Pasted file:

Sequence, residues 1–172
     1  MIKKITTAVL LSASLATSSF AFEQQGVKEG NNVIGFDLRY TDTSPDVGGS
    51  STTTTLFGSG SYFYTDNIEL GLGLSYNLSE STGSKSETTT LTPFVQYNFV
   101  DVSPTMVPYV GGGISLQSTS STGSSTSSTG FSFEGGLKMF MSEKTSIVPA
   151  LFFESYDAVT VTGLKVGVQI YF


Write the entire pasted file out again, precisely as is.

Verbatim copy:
Sequence, residues 1–172
     1  MIKKITTAVL LSASLATSSF AFEQQGVKEG NNVIGFDLRY TDTSPDVGGS
    51  STTTTLFGSG SYFYTDNIEL GLGLSYNLSE STGSKSETTT LTPFVQYNFV
   101  DVSPTMVPYV GGGISLQSTS STGSSTSSTG FSFEGGLKMF MSEKTSIVPA
   151  LFFESYDAVT VTGLKVGVQI YF